Behind the scenes with Haley Yiu

We interviewed the cast and crew of Another Life to offer a sneak peek into the characters, the writing process and more.

Haley Yiu is part of the writing team with Yanni Ng and plays Joey Yang. Joey was born in the UK and is unsure of where they fit in.

Where did the idea for Another Life come from?

We wanted to create a show that could provide a glimpse into the life of East Asians in the UK, so we decided to conduct a survey to help inspire us and to better understand those struggles and experiences.

The results showed a range of experiences based on the varying ages and backgrounds, so we created multiple characters who could properly represent them. We soon realised that the characters had such unique perspectives that they each deserved their own time in the spotlight, which is why we ended up creating vignettes instead.

What was your writing process like?

I’m quite methodical when it comes to my writing process. I started off by doing some research online and going through the survey results. This was to help me better understand the characters I would be writing, especially since the specific characters I wrote were quite different from myself in both experience and background.

While I looked through those surveys, I would note down any quotes I wanted to include in the show as they helped me hone in on the themes and character traits I wanted to include. Afterwards, I would focus on the structure of the story to best portray the characters on stage. Finally, I would begin to write and edit through the work until completion.

What are the challenges of writing and directing a verbatim-inspired play?

There were quite a few challenges that came up when we were writing. The main one being that we knew the weight the show carried in having to accurately represent these people who entrusted us with their stories.

We spent a lot of time trying to capture the essence of the characters because we wanted the audience to see them as real people who they could relate to.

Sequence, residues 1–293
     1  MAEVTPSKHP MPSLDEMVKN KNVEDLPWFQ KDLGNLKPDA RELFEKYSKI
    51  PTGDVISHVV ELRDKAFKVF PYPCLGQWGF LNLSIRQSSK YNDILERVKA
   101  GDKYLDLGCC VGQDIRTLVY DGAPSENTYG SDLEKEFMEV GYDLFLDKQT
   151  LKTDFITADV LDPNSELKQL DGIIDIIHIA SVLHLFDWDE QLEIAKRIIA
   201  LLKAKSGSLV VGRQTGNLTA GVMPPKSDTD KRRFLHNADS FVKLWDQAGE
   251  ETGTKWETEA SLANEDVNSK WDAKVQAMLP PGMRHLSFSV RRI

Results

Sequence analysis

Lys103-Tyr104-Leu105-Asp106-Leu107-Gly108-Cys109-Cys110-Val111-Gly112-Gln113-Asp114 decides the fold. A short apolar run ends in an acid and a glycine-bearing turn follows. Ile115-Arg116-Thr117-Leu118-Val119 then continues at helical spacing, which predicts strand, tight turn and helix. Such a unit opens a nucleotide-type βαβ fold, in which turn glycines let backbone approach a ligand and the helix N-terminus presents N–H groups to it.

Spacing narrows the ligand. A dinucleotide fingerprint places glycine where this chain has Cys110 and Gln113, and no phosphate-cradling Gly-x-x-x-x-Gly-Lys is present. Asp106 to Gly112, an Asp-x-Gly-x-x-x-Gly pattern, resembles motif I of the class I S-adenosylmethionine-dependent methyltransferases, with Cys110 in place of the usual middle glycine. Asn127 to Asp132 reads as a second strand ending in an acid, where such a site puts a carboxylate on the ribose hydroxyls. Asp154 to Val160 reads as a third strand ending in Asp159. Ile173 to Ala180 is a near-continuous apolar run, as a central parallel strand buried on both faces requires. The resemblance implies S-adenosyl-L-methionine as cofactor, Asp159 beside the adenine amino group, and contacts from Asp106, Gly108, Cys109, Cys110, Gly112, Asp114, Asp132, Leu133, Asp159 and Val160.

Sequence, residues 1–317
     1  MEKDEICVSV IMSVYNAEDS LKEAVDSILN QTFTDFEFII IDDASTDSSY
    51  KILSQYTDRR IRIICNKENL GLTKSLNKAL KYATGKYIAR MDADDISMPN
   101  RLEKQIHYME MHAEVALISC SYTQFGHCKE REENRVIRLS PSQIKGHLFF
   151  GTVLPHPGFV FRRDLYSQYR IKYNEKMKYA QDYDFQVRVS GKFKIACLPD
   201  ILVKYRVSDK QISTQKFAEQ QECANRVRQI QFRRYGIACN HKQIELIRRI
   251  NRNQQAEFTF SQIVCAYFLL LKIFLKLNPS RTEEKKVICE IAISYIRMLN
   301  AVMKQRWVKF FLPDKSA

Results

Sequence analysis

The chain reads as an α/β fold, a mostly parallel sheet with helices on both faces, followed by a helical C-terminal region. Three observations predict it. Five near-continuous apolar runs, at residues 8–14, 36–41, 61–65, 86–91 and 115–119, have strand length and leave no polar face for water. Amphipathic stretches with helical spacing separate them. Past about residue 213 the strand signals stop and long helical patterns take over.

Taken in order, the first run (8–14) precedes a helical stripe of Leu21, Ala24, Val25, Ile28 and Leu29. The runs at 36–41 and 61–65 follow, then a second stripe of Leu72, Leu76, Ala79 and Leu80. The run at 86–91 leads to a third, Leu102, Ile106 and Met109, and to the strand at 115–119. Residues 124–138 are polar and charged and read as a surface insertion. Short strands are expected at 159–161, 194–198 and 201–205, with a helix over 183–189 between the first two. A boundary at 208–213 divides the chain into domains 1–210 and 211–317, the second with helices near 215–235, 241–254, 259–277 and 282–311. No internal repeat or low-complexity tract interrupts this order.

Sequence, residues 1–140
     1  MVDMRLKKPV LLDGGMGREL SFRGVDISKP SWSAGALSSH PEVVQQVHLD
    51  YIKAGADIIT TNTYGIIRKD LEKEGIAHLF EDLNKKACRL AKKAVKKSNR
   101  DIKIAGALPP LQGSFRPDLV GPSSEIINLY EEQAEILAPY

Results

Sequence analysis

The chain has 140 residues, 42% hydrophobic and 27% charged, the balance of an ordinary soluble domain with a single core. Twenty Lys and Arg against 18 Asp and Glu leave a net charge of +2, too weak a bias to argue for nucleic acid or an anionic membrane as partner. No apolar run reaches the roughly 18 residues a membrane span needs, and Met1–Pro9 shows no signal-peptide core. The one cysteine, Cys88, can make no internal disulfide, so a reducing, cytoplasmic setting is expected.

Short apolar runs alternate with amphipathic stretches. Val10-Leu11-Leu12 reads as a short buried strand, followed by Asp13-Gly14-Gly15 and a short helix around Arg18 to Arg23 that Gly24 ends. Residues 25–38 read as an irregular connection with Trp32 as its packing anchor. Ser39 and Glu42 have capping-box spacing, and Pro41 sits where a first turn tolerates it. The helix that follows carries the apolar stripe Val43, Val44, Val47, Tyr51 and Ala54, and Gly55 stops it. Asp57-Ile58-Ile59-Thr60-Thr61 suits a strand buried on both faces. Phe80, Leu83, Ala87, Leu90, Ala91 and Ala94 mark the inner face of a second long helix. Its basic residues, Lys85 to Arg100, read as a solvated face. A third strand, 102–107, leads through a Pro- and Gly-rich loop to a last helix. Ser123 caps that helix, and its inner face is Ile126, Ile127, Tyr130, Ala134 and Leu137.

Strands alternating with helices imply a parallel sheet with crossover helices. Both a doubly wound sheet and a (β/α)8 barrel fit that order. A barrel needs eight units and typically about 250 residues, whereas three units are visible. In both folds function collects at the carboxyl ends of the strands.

But this also resulted in another issue, which was separating them from the source material. We wanted the characters to be inspired by, rather than be the same as, the actual source. So, it was a very fine line of creativity and truth that we had to find while we were writing the piece.

Tell us a bit about the characters?

Lo is a man in his late 60s looking back on his life. Deciding to share his wisdom, Lo shows us a glimpse of his life as an East Asian who has lived in the UK for almost 50 years. We see the expectations and realities that come with living here, and sometimes, even the cost.

Vivian is a second-generation British East Asian mother who is struggling to raise her mixed children. We see her understand the importance of finding a balance between two different cultures and how it can link the past with the present.

Who would you like to see in the audience and what would you like them to take away from the experience (without revealing any spoilers!)?

I would love to see East Asians who recently moved to the UK in the audience.

We have such a wide range of themes and experiences from all the different characters that I hope we can provide others with insight and maybe even a sense of hope that they are not alone in their experience.

What do you find most exciting about this play?

I’d have to say I find the multi-roling the most exciting. Since they’re vignettes, there are lots of different characters we have to play to help develop the story of each of the protagonists. We go from one character to their complete opposite within seconds. It’s an amazing challenge to have as an actor, as it tests not only our abilities but also our imaginations.

Tell us a little-known fact about yourself?

Although my name is spelt a bit differently, I was named after a character in The Parent Trap (1998).

What should people who enjoyed this play and are interested in Chinese culture see next? Any plays or films you would recommend?

I would suggest reading Mountains: The Dreams of Lily Kwok. It’s a gorgeous play based on the real-life story of Lily Kwok who opened up the first Chinese restaurant in Manchester. It explores how food can connect different generations of family as well as provide insight into our culture and heritage.